When I tell people about my experience serving in AmeriCorps at Easter Seals Wisconsin Respite Camp, most respond with something along the lines of “I could never do that,” or “Wow, that’s impressive. You’re such a great person.”
The truth is caring for individuals of varying abilities during my AmeriCorps terms does not mean I’m a good person, because, truthfully, I did it for entirely selfish reasons. I needed them more than they could ever need me.
Seven years ago, I found myself about to finish Freshman Year of college without any summer plans. On a whim, I decided to join AmeriCorps with several of the girls from my dorm. We would spend our summer providing care for people with physical or cognitive disabilities at a camp, and despite the fact that I had zero experience working with the population, had no idea what AmeriCorps was (a civil society program supported by the government that engages adults in public service), and had never been responsible for taking care of someone else, the job sounded perfect. Weeks later, I was in the middle of the woods being trained on everything from sign language and personal care to starting fires and camp songs. About a week into my training, I felt an overwhelming sense of self-doubt. This came shortly after I was called out for using the word “retarded” in front of all of my coworkers (I deserved it). I never actually thought about how the word offended others or what I truly was saying. I was as selfish and self-centered as they come. I was terrified of the idea of being responsible for someone else’s well-being. I had never seen anyone naked, unless those health class diagrams counted. And, those camp songs were already annoying me. What did I get myself into?
When campers started to arrive, the answer became oh so clear. I got myself into one of the most rewarding experiences of my life. After one week of working with the campers at Easter Seals Wisconsin, I was forever changed. I had discovered a world where nothing was impossible. I helped play a part in individuals climbing a rock wall, sleeping under the stars, and passing a swim test for the first time. I taught my campers fundamental skills that my friends and I took for granted. I learned how to communicate non-verbally and through that formed connections with some of the most interesting people I never thought I’d have chance to get to know. For the record, the camp songs didn’t end up being that bad either.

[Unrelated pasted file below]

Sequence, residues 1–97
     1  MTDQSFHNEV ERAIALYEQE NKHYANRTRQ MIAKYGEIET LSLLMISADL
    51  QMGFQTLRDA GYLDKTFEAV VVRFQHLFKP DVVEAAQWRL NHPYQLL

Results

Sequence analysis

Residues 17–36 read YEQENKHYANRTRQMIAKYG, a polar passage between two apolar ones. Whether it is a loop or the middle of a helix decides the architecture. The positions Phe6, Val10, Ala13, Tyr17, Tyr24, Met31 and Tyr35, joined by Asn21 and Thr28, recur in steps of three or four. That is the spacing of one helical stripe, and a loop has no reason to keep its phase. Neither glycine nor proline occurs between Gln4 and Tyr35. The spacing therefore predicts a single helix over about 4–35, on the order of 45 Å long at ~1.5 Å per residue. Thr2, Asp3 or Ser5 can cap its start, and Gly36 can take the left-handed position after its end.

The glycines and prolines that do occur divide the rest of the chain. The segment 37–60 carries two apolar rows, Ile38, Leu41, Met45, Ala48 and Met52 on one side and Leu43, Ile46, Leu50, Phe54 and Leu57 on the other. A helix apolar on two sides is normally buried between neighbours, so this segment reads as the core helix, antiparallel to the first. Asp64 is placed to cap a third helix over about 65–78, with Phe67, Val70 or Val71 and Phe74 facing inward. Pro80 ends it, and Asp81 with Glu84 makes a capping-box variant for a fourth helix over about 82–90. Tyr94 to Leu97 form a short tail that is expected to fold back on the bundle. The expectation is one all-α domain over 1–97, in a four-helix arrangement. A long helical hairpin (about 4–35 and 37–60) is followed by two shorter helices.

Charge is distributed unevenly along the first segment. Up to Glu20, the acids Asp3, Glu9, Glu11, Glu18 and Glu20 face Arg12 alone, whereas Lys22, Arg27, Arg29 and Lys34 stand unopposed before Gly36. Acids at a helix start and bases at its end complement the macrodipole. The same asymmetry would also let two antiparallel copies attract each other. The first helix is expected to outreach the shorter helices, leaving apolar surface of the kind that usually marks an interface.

There were some struggles and tears, and quite a bit more triumphs and laughs, and at the end of the summer, I couldn’t imagine leaving the place and the people I had grown to love.
So, I went back summer after summer and weekend after weekend, completing four full terms of AmeriCorps at Easter Seals, never really giving it a second thought. I gave my whole heart to the campers and families I met. We went on the longest walks in the woods, explored Tommy Bartlett, sang on boat trips, and used our imaginations to the fullest extent. I celebrated their achievements through birthday dance parties and mismatched sock days for years without seizures. And unfortunately, in some cases, I mourned their setbacks and losses. Each camper and caregiver I got to know challenged me to laugh more, give more, love more, have more fun, and most importantly, get the most I can out of life. I learned the most valuable lessons about myself, life, and love through them, and I will be forever grateful.
To this day, my passion for volunteering with people of varying abilities does not make me a good person. I’m still doing it for selfish reasons, because I know sometimes I need to step back into a world where anything is possible, share a smile and a laugh with someone new, and be reminded of how beautiful this huge world and the people in it truly are.